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Old 02-01-12, 02:19 AM   #1
Pedidelic
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Differences in motor watts?

Hi,

I built a 36v20ah 800watt bike. Runs great. Faster than I like to ride downhill, yet good speed going uphill. I'd like to build another bike but better if possible. I don't really understand the difference mixtures of motor watts to battery volts.

Can someone explain the basic difference in bicycle motor watts? Say for example, I have a 36V lifepo battery and used it on a 500watt motor and then a 800watt motor. What will be the difference in performances? Faster speeds one way or another. Better hill climbing?

Reason I ask, is that i see very little difference in prices from one motor to the next. Oh... maybe 30 or 50 dollars difference. So if a 250w kit is $200, 500w kit is $230 and a 800w is $250, etc... then why not buy the bigger motor?

Further confusing the matter, I see kits with mixed battery volts vs motor watts. I see 250 watts with 48volt battery/controller, then I see 1000watt motor for 48volt battery/controllers (and many combinations in between).

Lastly, I read on an e-bike retailer's page that "ah" translate to "mph", i.e. 10ah=10mph, 20ah=20mph, etc... is this roughly correct or not? Seems my 36v20ah bike goes roughly 20 mph (+or-) which supports the retailer's assertion.

Thanks!
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Old 02-01-12, 09:27 PM   #2
powell
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I will try,
Power is measured in Watts=voltage times current, so from basic math if you increase voltage you use less current for the same power, right?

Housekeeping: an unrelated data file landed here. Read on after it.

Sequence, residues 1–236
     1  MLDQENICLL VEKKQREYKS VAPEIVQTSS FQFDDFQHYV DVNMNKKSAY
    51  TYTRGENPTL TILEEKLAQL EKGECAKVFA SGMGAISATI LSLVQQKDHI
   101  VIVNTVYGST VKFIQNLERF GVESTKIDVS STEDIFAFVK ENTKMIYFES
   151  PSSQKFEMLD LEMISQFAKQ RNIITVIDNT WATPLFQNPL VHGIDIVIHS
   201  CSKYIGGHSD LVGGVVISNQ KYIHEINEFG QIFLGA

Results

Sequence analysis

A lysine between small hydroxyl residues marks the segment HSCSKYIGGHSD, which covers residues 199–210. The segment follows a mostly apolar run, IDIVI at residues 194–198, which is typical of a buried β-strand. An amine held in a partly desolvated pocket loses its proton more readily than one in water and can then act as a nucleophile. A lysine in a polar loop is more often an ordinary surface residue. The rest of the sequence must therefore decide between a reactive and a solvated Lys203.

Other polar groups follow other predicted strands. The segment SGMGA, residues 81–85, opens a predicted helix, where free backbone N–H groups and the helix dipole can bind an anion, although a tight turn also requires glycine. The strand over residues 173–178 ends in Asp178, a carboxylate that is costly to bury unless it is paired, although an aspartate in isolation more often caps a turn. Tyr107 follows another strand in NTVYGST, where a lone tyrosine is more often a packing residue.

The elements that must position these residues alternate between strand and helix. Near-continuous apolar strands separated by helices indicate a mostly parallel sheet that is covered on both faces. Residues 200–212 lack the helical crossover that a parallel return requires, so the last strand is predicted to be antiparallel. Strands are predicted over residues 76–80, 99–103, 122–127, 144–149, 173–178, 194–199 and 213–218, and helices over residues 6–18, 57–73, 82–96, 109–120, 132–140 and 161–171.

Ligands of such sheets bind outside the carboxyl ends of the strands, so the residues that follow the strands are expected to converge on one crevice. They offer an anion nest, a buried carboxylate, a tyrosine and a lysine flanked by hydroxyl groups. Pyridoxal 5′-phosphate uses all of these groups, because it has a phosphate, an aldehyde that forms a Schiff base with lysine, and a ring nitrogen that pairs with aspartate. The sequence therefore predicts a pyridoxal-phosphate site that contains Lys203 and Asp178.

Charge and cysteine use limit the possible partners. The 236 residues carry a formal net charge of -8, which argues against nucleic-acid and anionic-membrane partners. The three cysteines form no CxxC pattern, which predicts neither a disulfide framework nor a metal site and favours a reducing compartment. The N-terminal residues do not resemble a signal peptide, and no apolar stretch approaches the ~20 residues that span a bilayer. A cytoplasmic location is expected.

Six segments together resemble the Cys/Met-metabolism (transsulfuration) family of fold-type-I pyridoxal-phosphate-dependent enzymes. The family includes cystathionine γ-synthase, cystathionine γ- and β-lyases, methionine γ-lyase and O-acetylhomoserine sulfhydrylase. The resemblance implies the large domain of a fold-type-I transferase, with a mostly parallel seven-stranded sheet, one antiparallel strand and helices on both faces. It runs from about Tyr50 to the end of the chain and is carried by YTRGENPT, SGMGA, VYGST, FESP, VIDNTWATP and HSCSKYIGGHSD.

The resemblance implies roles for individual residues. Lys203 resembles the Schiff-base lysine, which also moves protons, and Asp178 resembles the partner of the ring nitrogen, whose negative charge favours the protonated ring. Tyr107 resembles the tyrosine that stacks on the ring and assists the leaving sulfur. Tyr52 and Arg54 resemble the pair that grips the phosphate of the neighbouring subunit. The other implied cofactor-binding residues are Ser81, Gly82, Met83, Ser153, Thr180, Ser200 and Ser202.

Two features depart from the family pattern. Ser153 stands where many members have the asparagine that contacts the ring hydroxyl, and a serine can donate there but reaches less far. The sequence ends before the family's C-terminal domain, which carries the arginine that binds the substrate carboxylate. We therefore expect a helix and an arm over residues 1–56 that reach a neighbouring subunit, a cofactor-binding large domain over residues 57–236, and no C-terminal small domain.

Power is a rate at which electrical energy is converted into mechanical energy inside your motor.
Power is a consumption of el. energy, the more rated power of the motor the more el. energy is going to be consumed, so 800W motor is going to consume twice the energy than 400 motor.
Performance will improve on 800W motor versus 400W one but energy from battery will be depleted twice that fast. So yes faster spped but for shorther time.
Amphour /Ah/ has nothing to do with speed, it is capacity of battery= how long before battery is deplated.
From 20Ah battery you can draw in theory 20Amps for 1 hour or 1Amp for 20 hours or 5Amps for 4 hours, etc.=battery capacity.

miro13car

Last edited by powell; 02-01-12 at 09:33 PM.
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Old 02-02-12, 12:21 PM   #3
Sangesf
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Micro is basically correct...

However, the motor rating in watts is a misnomer...

Most of the time, the eBay auctions you see are done by sales people and not the technicians..

Motors SHOULD be rated in the amount of watts continuous that it can handle..

Below is a copy and paste of another post of now to help clarify..


Hub motors are broken up into 2 types...

1.) Small Geared
2.) Larger Direct Drive

Small geared are usually in the 250-350w range.. They are lighter, more torquey, but have less top end.
Direct drive are usually in the 500-1000w range.. They are heavier (not by much) and are capable of much faster speeds...

To speak to the "wattage" of a motor is a misnomer...
The wattage is USALLY set by the controller that runs the motor..
(i.e. This is no difference between a 500w and a 1000w "motor", it's the controller that provides more power (amps) and is the controlling factor..)

Most geared motors will handle up to 500w, after that, you really need a direct drive..
DD motors can usually handle 1200w continuous, without issue..
The more watts you start pushing into the motors, the more that the energy put in is transfered to heat.

As a general rule...
24v will get you 15mph top speed (usually 250-350w)
36v will get you 20mph (350-750w)
48v will get you 25mph (750w and up)

The equation is V olts times A mps = W atts or VxA=W

As you will notice, all of those figures equate to 10-15 amps on average...
(24v X 10a = 240w, 24v X 15a = 360w)
(36x X 10a = 360w, 36v X 15a = 540w)
Etc, etc...

So a 36v 15a controller will provide up to 540w (36v X 15a)
a.k.a. A 36v 500w motor
If the controller was a 30a one, then I would be (36v X 30a) = 960w
Or a 36v 1000w motor.

Hope that all makes sense.

Last edited by Sangesf; 02-02-12 at 12:25 PM.
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